Edited by Peter
Earlier in the year, thanks to the wonderful people who have been supporting me thought patreon, I was able to take the train down to London to attend the annual March Against Monsanto (MAM) protest. The protest took place on Whitehall opposite 10 Downing street, and was attended by around 100-200 protesters, as well as a relatively large number of journalists. The event itself was poorly organised, and had conflicting information on where the protest was to be held; as well as having a late start because of a lack of sound system. When someone finally took the initiative, they used something with such low sound quality that it was very difficult to listen to. Also, rather embarrassingly, at one point a MAM speaker was drowned-out by an adjacent protest of less then 10 men who came prepared with decent sound equipment. The march was also not a march at all, but more of a Standing Still Against Monsanto protest – as nobody moved and, unlike the MAM protest I attended in Nottingham the previous year, there was a distinct lack of people dressed up. How very disappointing.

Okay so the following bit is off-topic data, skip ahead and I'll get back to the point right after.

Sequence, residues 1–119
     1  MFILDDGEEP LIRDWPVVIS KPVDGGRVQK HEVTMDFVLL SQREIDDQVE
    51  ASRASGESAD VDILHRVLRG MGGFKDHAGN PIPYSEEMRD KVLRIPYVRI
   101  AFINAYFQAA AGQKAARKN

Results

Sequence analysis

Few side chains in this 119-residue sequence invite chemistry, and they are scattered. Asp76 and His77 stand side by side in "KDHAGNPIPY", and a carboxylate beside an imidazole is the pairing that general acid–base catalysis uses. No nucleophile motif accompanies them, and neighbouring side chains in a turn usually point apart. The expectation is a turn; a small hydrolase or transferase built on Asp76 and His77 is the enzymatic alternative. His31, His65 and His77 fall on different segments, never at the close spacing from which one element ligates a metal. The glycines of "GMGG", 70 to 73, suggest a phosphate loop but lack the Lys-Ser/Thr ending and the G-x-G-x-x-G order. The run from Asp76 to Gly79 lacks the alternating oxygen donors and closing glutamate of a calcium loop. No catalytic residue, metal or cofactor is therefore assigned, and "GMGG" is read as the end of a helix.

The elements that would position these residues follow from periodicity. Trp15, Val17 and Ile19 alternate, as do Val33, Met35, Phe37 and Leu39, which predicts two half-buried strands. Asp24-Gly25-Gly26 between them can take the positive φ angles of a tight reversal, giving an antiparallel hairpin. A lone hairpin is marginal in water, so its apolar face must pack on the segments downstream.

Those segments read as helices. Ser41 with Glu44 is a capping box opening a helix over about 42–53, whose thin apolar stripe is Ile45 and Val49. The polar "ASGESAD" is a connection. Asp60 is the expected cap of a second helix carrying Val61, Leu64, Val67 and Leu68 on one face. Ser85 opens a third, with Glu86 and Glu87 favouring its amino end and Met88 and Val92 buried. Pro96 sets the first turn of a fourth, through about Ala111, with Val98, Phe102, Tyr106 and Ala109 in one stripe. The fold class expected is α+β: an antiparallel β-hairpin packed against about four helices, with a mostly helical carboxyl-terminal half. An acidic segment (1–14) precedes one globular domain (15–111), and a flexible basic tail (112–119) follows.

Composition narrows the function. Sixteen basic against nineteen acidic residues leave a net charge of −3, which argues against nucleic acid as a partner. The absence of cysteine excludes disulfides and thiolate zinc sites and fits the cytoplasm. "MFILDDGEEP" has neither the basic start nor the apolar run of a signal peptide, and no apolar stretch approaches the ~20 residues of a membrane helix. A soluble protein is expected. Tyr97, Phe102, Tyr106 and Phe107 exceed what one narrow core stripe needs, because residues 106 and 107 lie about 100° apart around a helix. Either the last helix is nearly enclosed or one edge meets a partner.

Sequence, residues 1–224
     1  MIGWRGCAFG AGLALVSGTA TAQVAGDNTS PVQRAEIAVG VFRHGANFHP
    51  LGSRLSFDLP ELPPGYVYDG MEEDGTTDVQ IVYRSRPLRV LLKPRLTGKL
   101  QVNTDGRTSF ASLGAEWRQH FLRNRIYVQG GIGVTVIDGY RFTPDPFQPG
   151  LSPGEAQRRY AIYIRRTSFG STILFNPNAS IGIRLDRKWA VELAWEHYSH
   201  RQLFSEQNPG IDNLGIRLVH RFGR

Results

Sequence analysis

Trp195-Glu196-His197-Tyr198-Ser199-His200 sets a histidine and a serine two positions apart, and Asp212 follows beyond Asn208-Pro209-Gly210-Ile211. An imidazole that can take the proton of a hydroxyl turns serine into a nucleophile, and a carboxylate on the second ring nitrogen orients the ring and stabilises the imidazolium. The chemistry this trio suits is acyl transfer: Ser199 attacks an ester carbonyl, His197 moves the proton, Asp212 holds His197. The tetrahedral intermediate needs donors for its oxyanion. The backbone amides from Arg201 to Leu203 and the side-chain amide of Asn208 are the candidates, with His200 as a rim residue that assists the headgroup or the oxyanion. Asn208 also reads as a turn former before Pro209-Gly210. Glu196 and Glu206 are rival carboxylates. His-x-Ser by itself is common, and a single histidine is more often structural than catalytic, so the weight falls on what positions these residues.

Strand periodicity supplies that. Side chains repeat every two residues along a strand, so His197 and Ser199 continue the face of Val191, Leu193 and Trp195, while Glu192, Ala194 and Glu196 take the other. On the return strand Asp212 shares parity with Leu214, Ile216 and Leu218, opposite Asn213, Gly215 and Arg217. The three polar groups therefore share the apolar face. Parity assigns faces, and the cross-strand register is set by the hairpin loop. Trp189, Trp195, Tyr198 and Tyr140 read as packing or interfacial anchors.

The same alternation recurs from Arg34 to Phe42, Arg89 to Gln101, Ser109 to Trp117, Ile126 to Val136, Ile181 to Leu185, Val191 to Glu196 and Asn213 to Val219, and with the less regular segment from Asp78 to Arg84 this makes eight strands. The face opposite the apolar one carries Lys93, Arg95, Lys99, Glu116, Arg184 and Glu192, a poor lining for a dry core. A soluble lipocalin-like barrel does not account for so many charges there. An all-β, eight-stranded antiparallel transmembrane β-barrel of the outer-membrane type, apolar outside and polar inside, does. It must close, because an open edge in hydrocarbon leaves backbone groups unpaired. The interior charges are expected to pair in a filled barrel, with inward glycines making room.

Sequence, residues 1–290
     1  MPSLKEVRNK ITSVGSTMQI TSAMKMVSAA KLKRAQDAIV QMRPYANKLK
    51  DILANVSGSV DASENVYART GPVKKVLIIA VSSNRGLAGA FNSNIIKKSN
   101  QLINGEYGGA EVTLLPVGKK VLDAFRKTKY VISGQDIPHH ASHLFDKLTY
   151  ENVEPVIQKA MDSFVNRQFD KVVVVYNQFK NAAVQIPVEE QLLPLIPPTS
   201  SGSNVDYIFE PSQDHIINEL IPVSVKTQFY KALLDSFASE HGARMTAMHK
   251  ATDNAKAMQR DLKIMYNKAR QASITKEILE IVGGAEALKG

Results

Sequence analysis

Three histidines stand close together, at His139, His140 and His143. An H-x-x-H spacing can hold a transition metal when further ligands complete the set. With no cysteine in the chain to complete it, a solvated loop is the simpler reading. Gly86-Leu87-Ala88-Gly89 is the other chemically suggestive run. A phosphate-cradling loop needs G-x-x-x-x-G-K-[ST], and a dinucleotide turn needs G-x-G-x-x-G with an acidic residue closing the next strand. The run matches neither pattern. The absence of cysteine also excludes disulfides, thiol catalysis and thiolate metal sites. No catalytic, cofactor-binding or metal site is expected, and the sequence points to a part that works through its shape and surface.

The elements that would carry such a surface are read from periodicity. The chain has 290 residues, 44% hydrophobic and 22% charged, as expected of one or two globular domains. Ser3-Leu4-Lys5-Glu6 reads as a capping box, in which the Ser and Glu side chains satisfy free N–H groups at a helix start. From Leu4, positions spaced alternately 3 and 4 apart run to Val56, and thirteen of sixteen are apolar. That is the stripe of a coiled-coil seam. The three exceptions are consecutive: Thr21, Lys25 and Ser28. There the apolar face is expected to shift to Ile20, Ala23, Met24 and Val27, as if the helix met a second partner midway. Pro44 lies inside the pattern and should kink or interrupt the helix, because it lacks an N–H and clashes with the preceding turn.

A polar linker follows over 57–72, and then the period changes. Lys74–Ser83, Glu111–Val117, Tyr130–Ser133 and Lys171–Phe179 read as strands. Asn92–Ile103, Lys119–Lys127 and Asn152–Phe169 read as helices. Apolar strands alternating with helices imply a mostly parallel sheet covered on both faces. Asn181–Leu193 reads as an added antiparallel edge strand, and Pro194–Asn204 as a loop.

Very early on, it became clear that these protesters, like the ones in Nottingham, were not just there to protest against the agrochemical and agricultural giant Monsanto – but genetically engineering in general. Although I have no problem with people bashing large corporations they deem to be unethical, I do have a problem with people using bad research, fraudulent data, ignorance, and flat out lies to discredit a technology they simply don’t like or don’t understand and, boy, do the majority not understand it. Most of the people I talked to were there specifically because of their opposition of GM technology, and were unable to answer basic follow up questions after being asked “Why are you here today?” Over the next few months, I plan to write a series of blog posts fact-checking some of the statements made by the protesters that allowed me to interview them, and those who gave speeches that day. I wanted to start on a high note with Liz O’Neil from GM-Freeze who, quite frankly, was a cut above the rest.
Liz is the director of GM-Freeze, an organisation that works to “champion the public’s deep concern about genetic modification in food and farming” and that is deeply concerned with the “speed at which genetic modification is being introduced into food and farming”. Those of you with a good memory will know that I was once on the radio with Liz debating the pros and cons of GM technology in agriculture. Although the debate got rather heated, I enjoyed talking to her, and after I discovered that she would be attending the protest in London, I was excited to meet her and listen to what she had to say.
In the speech Liz gave, she lists various reasons you should be worried about GMOs, however I am only going to concentrate on two of her most convincing arguments that were based in science. The first was that Monsantos herbicide Roundup (Glyphosate), which can be used on GM Roundup Ready crops, is responsible for the decline in the Monarch butterfly in North America.